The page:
some hamburger helper, they learned how to stretch it out and make it work. they would do the same thing if they had control of their health savings account. that's what would bring the whole medical system into the free market economic form to control price and quality. >> it sounds like you would make a argument that hospitals are as much of a problem as anything because hospitals will charge some ridiculous, my father had a disease and my mother would go through line by line up by double things and send it to the insurance companies to let them know. they were charging crazing about some mondays because they know someone is paying for. is because. >> vick is a of this may only be $2000 but if they put it down the insurance company will pay them 300 therefore if you put 20000, maybe they will pay us 3000. it's all game. >> is a total game and how do you bring reform to the hospital. it's a case where i think the administration, the hospitals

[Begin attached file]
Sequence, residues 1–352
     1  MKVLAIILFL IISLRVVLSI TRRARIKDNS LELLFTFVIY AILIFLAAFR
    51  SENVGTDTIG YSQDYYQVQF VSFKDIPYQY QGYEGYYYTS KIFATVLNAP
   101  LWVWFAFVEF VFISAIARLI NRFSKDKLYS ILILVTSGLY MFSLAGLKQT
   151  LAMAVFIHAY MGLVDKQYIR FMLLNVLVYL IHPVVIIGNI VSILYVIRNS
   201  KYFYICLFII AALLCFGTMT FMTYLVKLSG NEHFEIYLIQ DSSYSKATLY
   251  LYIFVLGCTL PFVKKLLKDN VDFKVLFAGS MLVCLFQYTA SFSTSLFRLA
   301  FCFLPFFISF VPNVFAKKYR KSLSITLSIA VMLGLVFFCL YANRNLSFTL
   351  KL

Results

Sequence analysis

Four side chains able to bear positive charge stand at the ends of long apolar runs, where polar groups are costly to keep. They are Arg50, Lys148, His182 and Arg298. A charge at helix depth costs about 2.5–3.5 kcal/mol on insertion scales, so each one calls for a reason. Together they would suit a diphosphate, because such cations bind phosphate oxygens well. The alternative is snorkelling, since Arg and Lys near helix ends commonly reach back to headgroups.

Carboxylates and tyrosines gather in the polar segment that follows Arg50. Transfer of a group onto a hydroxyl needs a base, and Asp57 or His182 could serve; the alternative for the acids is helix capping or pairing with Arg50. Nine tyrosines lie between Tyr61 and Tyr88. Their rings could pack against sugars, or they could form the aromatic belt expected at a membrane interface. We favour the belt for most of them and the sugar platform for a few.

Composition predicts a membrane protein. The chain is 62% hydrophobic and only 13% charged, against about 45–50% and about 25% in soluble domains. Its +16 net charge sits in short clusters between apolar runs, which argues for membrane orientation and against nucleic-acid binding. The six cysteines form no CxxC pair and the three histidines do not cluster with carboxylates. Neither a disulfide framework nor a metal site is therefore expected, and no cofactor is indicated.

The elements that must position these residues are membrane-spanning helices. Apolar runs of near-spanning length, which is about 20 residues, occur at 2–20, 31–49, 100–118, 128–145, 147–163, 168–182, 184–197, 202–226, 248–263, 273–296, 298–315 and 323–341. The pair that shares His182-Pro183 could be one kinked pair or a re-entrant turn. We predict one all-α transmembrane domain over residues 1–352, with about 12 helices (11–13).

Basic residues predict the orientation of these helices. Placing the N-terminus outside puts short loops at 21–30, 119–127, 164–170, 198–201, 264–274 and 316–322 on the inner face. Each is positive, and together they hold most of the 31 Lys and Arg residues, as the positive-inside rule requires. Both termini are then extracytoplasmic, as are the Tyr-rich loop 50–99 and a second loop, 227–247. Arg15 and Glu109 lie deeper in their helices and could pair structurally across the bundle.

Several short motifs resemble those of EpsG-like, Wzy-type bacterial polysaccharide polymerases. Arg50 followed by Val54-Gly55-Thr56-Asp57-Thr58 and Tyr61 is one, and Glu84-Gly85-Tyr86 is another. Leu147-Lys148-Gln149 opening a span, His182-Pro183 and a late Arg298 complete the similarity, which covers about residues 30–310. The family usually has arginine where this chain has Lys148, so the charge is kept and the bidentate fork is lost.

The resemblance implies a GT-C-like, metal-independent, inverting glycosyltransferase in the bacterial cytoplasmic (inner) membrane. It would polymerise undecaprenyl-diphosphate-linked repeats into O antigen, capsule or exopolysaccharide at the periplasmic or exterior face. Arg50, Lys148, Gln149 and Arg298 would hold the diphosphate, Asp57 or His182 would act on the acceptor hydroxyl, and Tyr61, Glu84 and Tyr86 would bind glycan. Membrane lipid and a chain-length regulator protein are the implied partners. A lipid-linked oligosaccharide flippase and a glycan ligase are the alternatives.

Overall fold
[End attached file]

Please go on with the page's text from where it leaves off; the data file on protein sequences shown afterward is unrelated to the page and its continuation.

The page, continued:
are the big that's a tough one to turn back. i ended up working with the insurance company not the hospital. >> but remember if you are in charge through your hsa, you're not going to go to the hospital that does that right. you're going to go to the other one which is going to make this one start acting like this on. that's where the free market work. >> you think the only way to truly reform the healthcare system is to get out of the insurance business. >> while you. >> will you can have all of these artificial influences. >> you're almost advocating for no insurance. >> no. >> like a health savings account would replace that. >> know what i'm saying is for all your routine health, 80% of everything that you're going to have to deal with can easily be paid through your hsa. but you have to remember that people do have it major and catastrophic issues that come up. that's what your insurance is for. that's what it's always should have been four. >> everything should've been